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© 2002 QxDesign, Inc. Variation of plant gain This unit discusses Changes in system stability with increasing plant gain Adjusting KP to correct for changing.

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Presentation on theme: "© 2002 QxDesign, Inc. Variation of plant gain This unit discusses Changes in system stability with increasing plant gain Adjusting KP to correct for changing."— Presentation transcript:

1 © 2002 QxDesign, Inc. Variation of plant gain This unit discusses Changes in system stability with increasing plant gain Adjusting KP to correct for changing plant gain Gain scheduling Visual ModelQ Training

2 © 2002 QxDesign, Inc. Install Visual ModelQ Click here to visit **This unit can be completed with a free (unregistered) copy of Visual ModelQ Download Visual ModelQ** Run Visual ModelQ installation Launch Visual ModelQ using the Windows start button or clicking on the icon The “default model” should appear To run Visual ModelQ the first time:

3 © 2002 QxDesign, Inc. Start with the model “Building a PI Controller” Visit Download “Building a PI Controller.mqd” or build the model yourself using the presentation “Building a PI Controller.pps”

4 © 2002 QxDesign, Inc. Check performance with the initial values Click the run button to see the performance with the initial gains of KP = 100, KP = 2, and with a System Gain of 500. Looks good; feedback responds fast, with little overshoot. Command (blue) Feedback (red)

5 © 2002 QxDesign, Inc. What is plant gain? The plant in this model is an integral with a “System Gain” of 500. A single integrator with a gain is the most common plant in industrial controls: –Inductor in current supply …applied voltage integrates to current –Inertial load in motion control …applied torque (force) integrates to velocity –Temperature bath …applied heat integrates to temperature –Capacitance in a voltage supply …applied current integrates to voltage

6 © 2002 QxDesign, Inc. Why does plant gain vary? The plant gain often changes with time or operating conditions –Inductor in current supply …inductors saturate: inductance falls when current is high. –Inertial load in motion control …inertia changes with varying loads –Temperature bath …thermal mass varies when fluid level in the bath changes –Capacitance in a voltage supply … capacitance of electrolytic capacitors fall over time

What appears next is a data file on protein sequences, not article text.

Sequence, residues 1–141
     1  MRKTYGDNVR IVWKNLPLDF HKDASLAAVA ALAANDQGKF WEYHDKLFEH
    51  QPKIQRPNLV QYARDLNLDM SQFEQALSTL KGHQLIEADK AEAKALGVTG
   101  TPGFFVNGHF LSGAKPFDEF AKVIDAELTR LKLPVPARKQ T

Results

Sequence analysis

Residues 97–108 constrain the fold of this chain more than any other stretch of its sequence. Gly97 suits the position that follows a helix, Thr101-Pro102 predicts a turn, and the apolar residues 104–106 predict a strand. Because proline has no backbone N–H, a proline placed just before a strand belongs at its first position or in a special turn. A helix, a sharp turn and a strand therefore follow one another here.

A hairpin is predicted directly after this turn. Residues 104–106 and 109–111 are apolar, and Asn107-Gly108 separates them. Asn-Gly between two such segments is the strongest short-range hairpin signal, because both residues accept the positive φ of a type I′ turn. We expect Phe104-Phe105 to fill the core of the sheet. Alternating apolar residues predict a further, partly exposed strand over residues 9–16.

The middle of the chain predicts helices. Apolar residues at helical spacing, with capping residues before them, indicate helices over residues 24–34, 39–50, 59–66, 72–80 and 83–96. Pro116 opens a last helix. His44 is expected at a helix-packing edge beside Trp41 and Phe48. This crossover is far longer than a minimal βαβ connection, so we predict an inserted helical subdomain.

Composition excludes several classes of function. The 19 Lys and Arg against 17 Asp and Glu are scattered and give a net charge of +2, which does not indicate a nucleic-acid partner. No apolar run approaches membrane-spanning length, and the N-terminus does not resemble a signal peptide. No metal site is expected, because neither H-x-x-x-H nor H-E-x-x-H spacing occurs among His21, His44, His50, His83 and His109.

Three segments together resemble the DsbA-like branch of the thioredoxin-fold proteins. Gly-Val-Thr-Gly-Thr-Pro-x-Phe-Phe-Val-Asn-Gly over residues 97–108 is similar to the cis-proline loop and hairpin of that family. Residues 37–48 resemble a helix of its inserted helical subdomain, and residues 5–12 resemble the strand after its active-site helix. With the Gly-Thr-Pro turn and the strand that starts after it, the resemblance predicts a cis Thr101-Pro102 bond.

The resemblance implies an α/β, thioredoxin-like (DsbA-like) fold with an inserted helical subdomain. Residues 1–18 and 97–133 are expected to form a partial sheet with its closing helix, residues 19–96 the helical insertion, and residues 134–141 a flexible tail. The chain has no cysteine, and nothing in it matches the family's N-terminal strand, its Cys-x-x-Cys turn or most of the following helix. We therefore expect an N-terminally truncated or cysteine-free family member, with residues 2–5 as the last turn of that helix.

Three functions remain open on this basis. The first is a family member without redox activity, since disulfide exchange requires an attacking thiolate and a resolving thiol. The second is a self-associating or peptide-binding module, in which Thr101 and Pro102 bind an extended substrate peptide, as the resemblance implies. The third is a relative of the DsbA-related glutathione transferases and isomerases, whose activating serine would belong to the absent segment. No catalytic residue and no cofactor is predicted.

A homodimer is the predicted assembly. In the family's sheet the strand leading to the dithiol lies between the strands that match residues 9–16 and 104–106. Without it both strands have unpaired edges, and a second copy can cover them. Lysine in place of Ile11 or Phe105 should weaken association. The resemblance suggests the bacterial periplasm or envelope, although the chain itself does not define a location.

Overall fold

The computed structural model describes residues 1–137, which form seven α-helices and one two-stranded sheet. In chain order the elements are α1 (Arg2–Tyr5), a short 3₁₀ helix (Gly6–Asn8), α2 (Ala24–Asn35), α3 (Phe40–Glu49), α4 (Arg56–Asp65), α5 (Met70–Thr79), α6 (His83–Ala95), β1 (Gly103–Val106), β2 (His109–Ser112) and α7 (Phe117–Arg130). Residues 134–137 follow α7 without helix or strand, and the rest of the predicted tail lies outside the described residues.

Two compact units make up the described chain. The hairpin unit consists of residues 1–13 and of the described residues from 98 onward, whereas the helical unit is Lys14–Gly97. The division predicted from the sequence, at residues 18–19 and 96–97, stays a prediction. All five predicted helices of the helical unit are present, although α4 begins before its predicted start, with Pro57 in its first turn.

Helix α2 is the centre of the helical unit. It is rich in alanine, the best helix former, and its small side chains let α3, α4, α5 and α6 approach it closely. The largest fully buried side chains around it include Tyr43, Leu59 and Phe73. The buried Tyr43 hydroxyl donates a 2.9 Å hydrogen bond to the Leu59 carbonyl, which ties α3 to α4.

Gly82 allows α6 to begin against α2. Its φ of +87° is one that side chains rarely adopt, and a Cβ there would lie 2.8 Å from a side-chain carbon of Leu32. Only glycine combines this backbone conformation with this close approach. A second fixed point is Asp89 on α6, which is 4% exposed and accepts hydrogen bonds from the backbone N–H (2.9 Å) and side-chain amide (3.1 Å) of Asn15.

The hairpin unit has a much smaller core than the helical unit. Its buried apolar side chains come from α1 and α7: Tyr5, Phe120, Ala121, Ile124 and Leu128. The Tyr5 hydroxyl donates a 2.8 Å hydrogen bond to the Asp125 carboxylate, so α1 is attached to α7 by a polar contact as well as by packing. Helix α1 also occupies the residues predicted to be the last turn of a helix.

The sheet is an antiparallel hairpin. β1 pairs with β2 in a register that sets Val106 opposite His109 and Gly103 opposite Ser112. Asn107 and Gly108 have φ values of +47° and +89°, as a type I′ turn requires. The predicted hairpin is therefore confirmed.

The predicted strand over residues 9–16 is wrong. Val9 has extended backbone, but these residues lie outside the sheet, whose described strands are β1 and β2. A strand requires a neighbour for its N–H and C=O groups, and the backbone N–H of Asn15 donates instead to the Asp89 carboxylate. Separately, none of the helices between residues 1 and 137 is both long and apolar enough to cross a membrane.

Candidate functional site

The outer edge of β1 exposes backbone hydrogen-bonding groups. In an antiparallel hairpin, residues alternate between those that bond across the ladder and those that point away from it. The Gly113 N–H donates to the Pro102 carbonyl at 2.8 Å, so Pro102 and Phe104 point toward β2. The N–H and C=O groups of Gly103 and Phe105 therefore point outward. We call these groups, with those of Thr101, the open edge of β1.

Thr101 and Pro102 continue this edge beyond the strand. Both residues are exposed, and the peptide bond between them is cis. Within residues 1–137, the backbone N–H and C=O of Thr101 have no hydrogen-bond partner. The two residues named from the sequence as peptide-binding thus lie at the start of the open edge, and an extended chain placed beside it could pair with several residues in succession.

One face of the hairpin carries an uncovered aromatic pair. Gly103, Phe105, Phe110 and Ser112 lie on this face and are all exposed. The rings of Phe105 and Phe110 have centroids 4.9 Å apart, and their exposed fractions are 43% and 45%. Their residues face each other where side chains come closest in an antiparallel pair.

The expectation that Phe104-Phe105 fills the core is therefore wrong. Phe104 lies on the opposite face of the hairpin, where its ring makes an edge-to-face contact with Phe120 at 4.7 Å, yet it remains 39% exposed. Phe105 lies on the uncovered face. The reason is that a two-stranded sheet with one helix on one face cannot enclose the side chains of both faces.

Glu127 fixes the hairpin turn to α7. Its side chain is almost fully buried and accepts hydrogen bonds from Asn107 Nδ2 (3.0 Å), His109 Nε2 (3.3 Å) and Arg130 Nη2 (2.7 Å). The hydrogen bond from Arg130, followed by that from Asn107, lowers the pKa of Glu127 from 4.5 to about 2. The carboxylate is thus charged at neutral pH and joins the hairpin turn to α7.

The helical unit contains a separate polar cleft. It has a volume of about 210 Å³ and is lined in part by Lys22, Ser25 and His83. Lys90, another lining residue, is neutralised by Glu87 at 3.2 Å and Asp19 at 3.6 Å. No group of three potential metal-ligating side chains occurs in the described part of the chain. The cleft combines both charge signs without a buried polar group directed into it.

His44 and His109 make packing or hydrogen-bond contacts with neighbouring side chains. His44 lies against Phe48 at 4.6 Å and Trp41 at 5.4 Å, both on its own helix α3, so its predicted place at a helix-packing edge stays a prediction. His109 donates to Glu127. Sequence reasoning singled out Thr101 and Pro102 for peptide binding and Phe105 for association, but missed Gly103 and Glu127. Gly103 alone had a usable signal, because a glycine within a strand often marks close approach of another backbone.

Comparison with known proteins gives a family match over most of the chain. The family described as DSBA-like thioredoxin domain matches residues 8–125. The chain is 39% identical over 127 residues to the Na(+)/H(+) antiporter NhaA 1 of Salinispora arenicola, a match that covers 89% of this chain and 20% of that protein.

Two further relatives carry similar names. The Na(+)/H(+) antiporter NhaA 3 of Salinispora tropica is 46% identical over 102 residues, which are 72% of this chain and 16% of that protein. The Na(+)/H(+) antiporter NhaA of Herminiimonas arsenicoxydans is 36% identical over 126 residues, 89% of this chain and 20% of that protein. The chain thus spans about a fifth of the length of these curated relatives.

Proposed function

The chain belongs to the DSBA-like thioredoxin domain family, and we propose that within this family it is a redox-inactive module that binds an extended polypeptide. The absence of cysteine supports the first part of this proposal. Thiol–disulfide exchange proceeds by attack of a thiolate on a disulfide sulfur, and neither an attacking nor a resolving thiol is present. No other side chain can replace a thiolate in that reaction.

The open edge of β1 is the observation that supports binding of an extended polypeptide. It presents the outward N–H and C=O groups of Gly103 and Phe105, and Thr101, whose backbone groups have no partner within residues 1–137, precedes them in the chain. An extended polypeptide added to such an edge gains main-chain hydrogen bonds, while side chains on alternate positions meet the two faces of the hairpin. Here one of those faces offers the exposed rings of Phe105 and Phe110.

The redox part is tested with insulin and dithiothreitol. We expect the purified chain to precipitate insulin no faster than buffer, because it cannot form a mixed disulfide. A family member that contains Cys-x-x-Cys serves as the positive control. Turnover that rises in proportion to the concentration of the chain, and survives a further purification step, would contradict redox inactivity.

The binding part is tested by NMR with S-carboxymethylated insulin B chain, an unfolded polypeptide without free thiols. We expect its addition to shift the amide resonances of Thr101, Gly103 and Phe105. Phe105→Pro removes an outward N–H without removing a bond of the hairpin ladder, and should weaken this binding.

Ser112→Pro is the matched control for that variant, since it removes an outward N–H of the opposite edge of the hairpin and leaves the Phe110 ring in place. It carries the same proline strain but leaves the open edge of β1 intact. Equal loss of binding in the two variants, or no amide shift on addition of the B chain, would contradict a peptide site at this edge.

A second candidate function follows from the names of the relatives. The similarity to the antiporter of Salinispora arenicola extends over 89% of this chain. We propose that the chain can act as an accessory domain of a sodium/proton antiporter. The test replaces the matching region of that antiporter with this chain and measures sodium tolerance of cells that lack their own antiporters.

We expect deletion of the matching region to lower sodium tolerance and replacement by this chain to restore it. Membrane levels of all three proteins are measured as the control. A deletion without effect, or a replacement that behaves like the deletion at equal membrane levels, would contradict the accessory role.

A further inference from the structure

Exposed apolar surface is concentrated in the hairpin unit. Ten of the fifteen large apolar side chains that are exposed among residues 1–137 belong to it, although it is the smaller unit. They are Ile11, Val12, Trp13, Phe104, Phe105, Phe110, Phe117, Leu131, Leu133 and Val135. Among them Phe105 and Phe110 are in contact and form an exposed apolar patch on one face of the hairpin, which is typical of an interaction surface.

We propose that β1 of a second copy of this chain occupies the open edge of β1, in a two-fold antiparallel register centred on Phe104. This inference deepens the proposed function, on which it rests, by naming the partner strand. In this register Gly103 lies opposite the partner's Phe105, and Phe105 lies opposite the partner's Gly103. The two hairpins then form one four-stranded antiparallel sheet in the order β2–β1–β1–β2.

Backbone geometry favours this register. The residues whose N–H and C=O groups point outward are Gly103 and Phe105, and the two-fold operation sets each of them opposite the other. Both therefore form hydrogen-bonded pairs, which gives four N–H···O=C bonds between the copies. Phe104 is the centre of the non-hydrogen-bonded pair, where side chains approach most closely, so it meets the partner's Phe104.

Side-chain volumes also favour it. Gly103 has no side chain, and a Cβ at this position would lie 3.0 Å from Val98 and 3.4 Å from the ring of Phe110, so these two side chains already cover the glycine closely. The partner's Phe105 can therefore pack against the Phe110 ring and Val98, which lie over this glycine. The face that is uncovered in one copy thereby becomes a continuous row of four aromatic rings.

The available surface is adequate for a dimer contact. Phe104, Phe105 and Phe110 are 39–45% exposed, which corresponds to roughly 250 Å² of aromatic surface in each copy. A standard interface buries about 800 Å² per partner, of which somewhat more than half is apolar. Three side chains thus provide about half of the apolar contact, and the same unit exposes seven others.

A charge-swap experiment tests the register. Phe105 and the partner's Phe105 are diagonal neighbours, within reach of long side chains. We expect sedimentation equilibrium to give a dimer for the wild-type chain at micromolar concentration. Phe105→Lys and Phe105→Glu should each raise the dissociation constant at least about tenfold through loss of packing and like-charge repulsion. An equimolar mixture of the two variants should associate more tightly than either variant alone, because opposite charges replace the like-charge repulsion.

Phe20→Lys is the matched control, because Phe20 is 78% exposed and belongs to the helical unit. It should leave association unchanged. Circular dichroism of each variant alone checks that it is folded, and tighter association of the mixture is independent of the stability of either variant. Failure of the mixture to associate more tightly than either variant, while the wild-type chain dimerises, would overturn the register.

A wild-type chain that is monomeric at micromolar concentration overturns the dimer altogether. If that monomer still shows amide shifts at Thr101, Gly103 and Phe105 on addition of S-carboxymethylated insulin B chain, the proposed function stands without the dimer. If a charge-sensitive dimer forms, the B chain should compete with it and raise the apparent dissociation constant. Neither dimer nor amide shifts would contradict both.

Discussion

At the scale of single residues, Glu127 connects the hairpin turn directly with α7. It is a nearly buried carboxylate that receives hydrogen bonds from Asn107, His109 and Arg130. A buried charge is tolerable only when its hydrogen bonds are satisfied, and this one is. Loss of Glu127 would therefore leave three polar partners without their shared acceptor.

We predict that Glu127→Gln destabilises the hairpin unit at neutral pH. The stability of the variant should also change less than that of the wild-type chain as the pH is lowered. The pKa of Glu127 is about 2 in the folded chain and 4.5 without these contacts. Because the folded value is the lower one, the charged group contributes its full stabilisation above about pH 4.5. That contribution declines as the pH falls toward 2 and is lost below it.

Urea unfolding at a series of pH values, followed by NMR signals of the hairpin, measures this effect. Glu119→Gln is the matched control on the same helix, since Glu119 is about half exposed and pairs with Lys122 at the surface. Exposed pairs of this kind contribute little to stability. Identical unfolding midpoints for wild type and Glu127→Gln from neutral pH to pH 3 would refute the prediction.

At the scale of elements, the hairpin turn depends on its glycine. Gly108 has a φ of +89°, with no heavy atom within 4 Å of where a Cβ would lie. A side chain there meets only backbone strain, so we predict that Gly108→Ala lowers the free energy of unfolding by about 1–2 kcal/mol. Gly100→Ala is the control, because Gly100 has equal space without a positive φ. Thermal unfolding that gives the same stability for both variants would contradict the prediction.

7 © 2002 QxDesign, Inc. See how varying plant gain affects the system Double-click in System Gain for adjuster box. While the model runs, increase to 1000, 2000, and so on. Live Constant adjuster box allows easy adjustment of gains, even while the model runs.

8 © 2002 QxDesign, Inc. Gain = 500Gain = 1000Gain = 2000 What happens as gain increases? Increase the gain from 500 to The system becomes unstable as the gain increases. Slight ringing… questionable Severe ringing… not acceptable TIP: Use adjustment such as “>>” (large increase) to quickly vary gains while the model runs 10% Overshoot… looks good!

9 © 2002 QxDesign, Inc. What’s a practical example? Current controller with saturating inductor –PI control law generates a voltage request. –Request feeds “voltage controller” (e.g., power transistor). –Voltage controller produces applied voltage. –The “gain” of an inductor is 1/inductance. –Saturation reduces inductance as current increases...higher current causes higher gain. –Result: system can be stable with low current, but unstable at high current.

10 © 2002 QxDesign, Inc. KP = 2 Retuning can solve the problem When “System Gain” increases, reducing KP restores stability. With most PI controllers, if you reduce KP in proportion to gain increase, the problem is solved. Gain = 2000 Gain increases 4x; stability suffers. KP = 2 Gain = 2000 Lower KP 4x; problem solved. KP = 0.5 Gain = 500 At start, system looks good!

11 © 2002 QxDesign, Inc. Gain scheduling: when retuning is impractical. If the gain changes during operation (like an inductor), you can’t retune to fix the problem. The most common solution is to lower KP so the system is always stable. Problem: KP may be lowered so much that response is slow when “System gain” is low. Another solution is gain scheduling, a technique often implemented with digital controllers. With gain scheduling, the digital controller estimates the system gain and adjusts KP appropriately. –For the example of the saturating inductor, KP could be a function of current. KP Current A -1.0 A Gain scheduling: A digital controller can continuously adjust KP as Current changes

12 © 2002 QxDesign, Inc. Visit for information about software and practical books on controls. Click here for information on Visual ModelQ Click here for information on Observers in Control Systems, published by Academic Press in 2002 Click here for information on Control System Design Guide (2nd Ed.), published by Academic Press in 2000


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